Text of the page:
After careful consideration, the Caribbean island of Puerto Rico officially filed for the equivalent of bankruptcy May 3, 2017. According to USA Today, this decision will likely spark a “fierce legal battle” as it may put Puerto Rico’s citizens, creditors and workers in jeopardy.
Restructuring to eliminate debt
After years of talking with bondholders and insurers, Puerto Rico is making this move in an effort to eliminate nearly $70 billion in debt. According to Bloomberg Markets, this will be the biggest debt restructuring process ever undertaken by a U.S. governmental entity.
“We reached this decision because it protects the best interests of the people of Puerto Rico,” Governor Richard Rossello said in a statement.
While the mayor believes this is the best move for Puerto Rico to make, Brad Setser, senior fellow at the Council on Foreign Relations, addressed that it may cause an uproar.
“An orderly process for working out Puerto Rico’s debt trouble provides the best hope for Puerto Rico and also the best chance for most creditors to emerge better off,” he told Bloomberg in a telephone interview. “But clearly there’s going to be fights between different groups of creditors.”
Because Puerto Rico is a U.S. territory, it is restricted from using traditional bankruptcy. According to Fox News, the case was instead filed under Title III of the PROMESA law. This process utilizes a debt restructuring plan that is similar to that of bankruptcy protection. With this process, a creditor cannot seize any of Puerto Rico’s assets without confirmed authorization provided by the control board. Additionally, this process gives Puerto Rico the ability to force discounts on credit recoveries. This could work in its favor, but it can also scare potential investors away, ultimately prolonging the suffering.
“The governor needed to show that his primary allegiance lies with the citizens of Puerto Rico, and that was the justification for the filing,” David Tawil, president of Maglan Capital told Fox News. “I’m not sure whether bondholders are going to get any better treatment or recovery under this course of action.”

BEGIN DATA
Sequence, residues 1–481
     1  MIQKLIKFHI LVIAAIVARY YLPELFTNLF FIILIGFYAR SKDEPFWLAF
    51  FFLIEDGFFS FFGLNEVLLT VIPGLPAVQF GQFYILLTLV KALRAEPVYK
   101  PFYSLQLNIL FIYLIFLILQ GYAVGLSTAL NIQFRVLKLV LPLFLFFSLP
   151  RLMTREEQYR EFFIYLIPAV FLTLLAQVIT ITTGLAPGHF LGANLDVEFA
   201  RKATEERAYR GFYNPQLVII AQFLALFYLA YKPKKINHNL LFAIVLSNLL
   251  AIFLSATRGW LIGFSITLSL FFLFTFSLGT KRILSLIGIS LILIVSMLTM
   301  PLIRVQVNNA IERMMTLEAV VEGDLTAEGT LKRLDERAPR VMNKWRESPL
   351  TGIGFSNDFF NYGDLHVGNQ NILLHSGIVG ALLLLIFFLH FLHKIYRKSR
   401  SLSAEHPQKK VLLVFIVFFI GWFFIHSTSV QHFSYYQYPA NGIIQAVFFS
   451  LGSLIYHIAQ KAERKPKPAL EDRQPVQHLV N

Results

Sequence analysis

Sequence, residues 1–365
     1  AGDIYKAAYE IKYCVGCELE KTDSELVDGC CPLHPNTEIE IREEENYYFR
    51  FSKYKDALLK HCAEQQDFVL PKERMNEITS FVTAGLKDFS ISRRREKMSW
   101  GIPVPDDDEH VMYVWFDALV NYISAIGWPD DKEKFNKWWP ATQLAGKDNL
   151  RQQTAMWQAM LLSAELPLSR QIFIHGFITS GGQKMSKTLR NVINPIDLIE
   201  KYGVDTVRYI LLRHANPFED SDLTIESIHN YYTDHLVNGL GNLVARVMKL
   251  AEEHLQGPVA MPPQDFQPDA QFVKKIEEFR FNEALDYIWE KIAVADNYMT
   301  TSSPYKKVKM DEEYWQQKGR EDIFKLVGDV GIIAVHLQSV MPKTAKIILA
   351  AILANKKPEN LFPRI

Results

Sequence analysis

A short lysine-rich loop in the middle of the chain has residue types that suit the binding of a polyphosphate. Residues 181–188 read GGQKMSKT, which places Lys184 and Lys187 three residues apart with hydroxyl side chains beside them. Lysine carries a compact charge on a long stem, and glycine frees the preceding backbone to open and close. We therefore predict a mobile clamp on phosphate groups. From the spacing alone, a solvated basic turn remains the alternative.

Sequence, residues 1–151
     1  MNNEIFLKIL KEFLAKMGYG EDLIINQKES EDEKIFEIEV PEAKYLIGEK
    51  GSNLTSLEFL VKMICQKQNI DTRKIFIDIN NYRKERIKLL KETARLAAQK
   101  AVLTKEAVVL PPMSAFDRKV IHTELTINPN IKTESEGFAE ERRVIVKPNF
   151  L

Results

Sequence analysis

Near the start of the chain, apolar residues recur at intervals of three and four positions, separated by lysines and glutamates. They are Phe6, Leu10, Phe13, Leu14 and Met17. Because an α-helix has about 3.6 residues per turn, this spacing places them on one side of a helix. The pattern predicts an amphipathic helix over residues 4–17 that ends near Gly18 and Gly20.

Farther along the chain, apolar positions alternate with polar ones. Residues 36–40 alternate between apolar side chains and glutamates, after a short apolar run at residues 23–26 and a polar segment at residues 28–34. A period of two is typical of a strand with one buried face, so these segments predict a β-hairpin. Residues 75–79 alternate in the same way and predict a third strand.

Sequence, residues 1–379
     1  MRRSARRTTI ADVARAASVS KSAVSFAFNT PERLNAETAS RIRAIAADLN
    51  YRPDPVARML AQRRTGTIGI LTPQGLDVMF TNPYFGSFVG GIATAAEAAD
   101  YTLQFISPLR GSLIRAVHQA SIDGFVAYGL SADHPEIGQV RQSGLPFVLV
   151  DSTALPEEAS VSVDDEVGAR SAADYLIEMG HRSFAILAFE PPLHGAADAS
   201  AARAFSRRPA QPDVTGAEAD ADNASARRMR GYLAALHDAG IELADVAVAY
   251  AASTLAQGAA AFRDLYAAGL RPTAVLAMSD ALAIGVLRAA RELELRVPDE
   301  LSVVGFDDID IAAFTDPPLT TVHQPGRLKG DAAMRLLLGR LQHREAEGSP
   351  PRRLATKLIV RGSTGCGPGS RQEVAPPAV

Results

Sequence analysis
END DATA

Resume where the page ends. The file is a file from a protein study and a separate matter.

What’s next for Puerto Rico?
Unlike most bankruptcy cases, this process will not be controlled by a bankruptcy judge. On Friday May 5, Chief Justice John Roberts of the United States Supreme Court appointed District Court Judge Laura Taylor Swain of the Southern District of New York to handle the Puerto Rico restructuring. She is a judge with significant experience in overseeing bankruptcy and financial crime cases.
Currently, the citizens of Puerto Rico are leaving the island and heading to the States at an alarming rate. According to CNN Money, the island’s total population has dropped by 350,000 since 2007, and this trend of decline is likely to keep up.
When it comes to the unsecured bondholders of Puerto Rico, they may “suffer significant cuts,” according to USA Today. The major investors are upset because they’re claiming that they made the investments before the island was even eligible for bankruptcy. This may cause conflict, and some believe that lawsuits are bound to surface.
However, Ted Hampton, vice president of Moody’s Investor Service, stated that the governor’s decision to file for bankruptcy was a step in the right direction. He believes that requesting bankruptcy protection will streamline the process for creditors, instead of creating a chaotic period that enables parties to form lawsuits.
Is there a chance that Puerto Rico could sell off some of its assets to pay off the debt? Yes, but it’s not likely. For example, USA Today brought up Detroit’s $18 billion debt, and how the city negotiated a deal and collected money from the state of Michigan and other private donors for relief.
Unfortunately, Puerto Rico is under much larger-scaled debt and scrutiny. This could make it difficult for the island to make a similar deal. Additionally, it’s not clear how long the court proceeding would last. It seems as though having the court oversee the island’s debt restructuring is its only choice.